Protein kinase A determines platelet life span and survival by regulating apoptosis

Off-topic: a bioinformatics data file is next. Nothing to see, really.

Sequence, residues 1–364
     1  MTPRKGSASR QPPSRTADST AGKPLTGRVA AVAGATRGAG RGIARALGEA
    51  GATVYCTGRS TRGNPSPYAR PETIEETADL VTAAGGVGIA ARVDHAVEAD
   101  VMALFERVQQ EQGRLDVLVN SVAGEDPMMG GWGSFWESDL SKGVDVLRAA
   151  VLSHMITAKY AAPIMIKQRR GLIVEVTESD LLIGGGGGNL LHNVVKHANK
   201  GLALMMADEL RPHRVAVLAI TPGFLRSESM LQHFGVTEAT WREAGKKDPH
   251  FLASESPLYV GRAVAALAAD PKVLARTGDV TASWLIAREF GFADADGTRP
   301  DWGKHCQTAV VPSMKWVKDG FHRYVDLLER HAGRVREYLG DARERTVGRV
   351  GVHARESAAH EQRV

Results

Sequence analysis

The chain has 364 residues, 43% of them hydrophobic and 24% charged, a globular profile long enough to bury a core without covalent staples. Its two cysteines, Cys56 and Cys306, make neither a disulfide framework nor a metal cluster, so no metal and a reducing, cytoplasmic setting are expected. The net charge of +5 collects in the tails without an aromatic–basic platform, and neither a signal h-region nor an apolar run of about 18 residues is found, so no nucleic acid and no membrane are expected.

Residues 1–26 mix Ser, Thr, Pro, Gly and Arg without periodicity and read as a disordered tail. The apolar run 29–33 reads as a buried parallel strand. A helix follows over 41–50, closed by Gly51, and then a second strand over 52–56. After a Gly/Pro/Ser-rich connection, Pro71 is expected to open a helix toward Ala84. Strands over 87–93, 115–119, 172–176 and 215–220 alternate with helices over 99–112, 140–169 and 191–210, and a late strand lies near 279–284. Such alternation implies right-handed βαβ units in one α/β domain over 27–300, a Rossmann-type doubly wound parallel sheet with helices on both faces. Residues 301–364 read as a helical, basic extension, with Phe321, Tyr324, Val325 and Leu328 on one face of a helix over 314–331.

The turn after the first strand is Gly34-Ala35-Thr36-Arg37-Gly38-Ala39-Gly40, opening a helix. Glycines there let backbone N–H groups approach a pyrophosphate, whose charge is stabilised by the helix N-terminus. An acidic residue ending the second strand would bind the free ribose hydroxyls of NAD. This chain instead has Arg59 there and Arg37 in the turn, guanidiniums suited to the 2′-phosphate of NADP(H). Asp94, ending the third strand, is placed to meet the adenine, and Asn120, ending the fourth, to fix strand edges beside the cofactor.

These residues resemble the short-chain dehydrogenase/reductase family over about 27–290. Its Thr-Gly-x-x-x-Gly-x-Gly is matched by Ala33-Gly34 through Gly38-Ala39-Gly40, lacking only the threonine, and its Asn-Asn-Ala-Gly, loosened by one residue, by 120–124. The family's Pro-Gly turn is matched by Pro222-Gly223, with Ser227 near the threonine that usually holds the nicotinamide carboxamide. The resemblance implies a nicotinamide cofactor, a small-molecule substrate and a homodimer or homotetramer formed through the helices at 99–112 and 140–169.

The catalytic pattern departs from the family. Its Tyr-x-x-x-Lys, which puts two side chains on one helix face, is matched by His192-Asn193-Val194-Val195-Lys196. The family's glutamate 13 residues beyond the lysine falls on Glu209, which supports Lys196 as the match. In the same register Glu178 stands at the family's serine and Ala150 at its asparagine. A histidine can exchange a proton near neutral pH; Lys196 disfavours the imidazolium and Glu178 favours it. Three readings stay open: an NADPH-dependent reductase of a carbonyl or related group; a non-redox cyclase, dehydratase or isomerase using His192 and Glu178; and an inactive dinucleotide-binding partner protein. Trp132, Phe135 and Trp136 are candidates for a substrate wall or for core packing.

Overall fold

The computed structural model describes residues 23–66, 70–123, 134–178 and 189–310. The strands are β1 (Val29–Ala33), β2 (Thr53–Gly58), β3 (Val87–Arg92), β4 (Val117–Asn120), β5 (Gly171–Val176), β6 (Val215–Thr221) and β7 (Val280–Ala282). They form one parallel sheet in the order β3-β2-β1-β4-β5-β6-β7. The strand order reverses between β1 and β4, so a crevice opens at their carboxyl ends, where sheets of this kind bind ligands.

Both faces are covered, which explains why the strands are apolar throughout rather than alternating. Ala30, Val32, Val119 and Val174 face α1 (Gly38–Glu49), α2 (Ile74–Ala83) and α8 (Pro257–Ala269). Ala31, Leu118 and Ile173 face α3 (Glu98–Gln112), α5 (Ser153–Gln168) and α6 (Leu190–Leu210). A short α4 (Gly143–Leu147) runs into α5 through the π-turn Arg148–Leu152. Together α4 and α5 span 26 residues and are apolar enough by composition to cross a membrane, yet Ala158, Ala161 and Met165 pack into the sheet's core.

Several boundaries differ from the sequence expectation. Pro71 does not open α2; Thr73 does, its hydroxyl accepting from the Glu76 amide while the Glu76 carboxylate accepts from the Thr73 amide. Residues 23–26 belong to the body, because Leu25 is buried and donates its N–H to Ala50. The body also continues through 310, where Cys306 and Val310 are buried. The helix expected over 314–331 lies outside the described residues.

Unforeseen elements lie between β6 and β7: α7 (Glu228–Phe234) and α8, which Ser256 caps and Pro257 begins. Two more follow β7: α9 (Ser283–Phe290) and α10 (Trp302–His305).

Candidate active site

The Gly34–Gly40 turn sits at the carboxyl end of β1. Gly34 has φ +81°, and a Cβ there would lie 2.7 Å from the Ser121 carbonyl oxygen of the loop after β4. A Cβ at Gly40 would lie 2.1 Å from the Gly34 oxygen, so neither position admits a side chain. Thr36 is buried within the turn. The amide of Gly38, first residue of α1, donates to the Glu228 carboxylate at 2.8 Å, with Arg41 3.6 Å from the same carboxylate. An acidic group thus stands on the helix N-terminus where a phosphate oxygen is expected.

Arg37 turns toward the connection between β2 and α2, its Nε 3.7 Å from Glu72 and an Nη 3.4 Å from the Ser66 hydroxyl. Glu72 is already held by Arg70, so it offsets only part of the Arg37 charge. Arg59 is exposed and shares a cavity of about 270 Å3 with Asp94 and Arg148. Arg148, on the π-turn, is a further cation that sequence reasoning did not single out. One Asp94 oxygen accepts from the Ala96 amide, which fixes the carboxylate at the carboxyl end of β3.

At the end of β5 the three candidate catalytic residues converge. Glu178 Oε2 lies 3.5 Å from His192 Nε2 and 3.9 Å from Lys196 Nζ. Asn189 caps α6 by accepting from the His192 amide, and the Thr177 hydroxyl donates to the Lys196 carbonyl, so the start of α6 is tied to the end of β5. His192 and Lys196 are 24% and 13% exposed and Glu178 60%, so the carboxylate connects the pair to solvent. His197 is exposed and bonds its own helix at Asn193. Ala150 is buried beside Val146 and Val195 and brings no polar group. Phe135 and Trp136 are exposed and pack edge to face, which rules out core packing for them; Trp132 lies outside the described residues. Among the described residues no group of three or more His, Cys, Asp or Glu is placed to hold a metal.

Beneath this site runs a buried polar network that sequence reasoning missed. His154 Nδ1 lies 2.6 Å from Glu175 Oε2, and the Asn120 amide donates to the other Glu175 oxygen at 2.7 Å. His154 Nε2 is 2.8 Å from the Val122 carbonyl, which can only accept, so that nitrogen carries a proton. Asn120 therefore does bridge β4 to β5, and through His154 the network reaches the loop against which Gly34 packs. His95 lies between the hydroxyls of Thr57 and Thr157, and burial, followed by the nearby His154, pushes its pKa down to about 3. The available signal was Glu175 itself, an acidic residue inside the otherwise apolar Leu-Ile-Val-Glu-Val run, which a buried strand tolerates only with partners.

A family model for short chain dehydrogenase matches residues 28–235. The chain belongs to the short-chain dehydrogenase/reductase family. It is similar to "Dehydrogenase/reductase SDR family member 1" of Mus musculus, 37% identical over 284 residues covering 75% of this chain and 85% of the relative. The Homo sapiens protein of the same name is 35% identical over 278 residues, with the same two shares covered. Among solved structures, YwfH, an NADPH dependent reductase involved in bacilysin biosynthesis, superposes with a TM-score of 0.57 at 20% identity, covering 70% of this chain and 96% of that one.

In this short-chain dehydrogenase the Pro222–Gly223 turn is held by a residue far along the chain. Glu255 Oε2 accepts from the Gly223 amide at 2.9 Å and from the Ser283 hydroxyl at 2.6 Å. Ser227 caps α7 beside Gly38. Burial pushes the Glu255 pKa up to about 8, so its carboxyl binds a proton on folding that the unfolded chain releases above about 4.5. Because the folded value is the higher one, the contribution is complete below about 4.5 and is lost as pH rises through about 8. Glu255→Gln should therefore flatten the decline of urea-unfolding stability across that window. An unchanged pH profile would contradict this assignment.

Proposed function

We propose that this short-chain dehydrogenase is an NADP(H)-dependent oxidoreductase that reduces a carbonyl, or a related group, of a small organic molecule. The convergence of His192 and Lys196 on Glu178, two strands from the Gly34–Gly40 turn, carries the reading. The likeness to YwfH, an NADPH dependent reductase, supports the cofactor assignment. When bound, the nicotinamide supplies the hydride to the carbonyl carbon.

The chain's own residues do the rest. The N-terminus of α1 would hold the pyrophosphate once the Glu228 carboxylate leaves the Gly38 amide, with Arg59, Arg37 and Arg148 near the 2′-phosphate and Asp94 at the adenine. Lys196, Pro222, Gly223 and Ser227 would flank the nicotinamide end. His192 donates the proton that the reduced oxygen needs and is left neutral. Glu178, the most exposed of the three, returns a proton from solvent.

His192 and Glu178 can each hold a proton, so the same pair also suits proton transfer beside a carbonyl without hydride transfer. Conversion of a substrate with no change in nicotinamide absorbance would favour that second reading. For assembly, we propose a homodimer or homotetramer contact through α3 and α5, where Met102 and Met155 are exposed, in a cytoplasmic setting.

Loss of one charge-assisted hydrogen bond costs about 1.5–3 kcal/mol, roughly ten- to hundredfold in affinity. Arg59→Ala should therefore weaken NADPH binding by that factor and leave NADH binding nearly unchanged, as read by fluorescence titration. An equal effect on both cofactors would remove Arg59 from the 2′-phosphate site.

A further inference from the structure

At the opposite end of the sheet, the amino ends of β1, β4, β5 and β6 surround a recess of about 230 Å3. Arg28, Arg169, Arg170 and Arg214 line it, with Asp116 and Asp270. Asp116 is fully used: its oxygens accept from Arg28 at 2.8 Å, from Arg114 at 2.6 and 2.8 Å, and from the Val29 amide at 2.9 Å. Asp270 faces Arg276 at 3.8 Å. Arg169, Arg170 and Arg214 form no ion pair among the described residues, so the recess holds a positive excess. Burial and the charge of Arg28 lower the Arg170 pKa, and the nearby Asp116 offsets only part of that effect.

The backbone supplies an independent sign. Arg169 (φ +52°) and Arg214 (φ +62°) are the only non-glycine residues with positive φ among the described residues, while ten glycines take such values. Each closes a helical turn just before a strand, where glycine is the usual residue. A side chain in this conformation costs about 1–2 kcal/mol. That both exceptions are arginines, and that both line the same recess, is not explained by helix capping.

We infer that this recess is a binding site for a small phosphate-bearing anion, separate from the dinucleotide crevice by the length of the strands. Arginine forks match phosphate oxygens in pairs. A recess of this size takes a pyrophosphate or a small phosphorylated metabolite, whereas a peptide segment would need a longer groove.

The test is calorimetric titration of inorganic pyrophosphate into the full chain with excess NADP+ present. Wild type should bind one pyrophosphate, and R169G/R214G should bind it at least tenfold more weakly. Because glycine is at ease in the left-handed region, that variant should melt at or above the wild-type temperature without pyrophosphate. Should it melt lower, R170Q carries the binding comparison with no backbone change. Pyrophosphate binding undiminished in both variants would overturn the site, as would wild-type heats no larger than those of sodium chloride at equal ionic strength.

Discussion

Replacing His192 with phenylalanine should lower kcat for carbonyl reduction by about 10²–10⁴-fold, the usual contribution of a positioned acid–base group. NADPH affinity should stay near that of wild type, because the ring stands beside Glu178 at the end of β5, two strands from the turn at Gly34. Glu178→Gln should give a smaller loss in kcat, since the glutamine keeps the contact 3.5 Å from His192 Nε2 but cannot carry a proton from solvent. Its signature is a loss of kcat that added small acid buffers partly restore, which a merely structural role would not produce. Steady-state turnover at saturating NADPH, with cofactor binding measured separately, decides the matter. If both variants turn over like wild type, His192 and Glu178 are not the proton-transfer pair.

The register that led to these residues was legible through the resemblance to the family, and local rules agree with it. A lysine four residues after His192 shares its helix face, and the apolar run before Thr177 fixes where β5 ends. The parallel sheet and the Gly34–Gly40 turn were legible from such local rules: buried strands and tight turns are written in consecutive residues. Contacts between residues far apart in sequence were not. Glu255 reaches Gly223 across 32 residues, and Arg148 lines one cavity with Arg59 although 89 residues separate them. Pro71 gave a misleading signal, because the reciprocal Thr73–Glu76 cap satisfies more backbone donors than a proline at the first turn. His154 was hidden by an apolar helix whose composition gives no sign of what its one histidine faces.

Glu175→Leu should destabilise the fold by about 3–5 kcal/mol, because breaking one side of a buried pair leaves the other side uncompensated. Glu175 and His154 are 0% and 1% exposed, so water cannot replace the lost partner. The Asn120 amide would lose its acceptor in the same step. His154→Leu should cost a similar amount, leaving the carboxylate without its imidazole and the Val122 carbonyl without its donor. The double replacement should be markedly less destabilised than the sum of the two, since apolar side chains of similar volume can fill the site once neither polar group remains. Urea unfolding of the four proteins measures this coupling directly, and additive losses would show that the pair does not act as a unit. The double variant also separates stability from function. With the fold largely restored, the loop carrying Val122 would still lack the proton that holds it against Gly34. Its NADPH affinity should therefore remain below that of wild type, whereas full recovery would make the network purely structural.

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Apoptosis delimits platelet life span in the circulation and leads to storage lesion, which severely limits the shelf life of stored platelets. Moreover, accumulating evidence indicates that platelet apoptosis provoked by various pathological stimuli results in thrombocytopenia in many common diseases. However, little is known about how platelet apoptosis is initiated or regulated. Here, we show that PKA activity is markedly reduced in platelets aged in vitro, stored platelets, and platelets from patients with immune thrombocytopenia (ITP), diabetes, and bacterial infections. Inhibition or genetic ablation of PKA provoked intrinsic programmed platelet apoptosis in vitro and rapid platelet clearance in vivo. PKA inhibition resulted in dephosphorylation of the proapoptotic protein BAD at Ser155, resulting in sequestration of prosurvival protein BCL-XL in mitochondria and subsequent apoptosis. Notably, PKA activation protected platelets from apoptosis induced by storage or pathological stimuli and elevated peripheral platelet levels in normal mice and in a murine model of ITP. Therefore, these findings identify PKA as a homeostatic regulator of platelet apoptosis that determines platelet life span and survival. Furthermore, these results suggest that regulation of PKA activity represents a promising strategy for extending platelet shelf life and has profound implications for the treatment of platelet number-related diseases and disorders.

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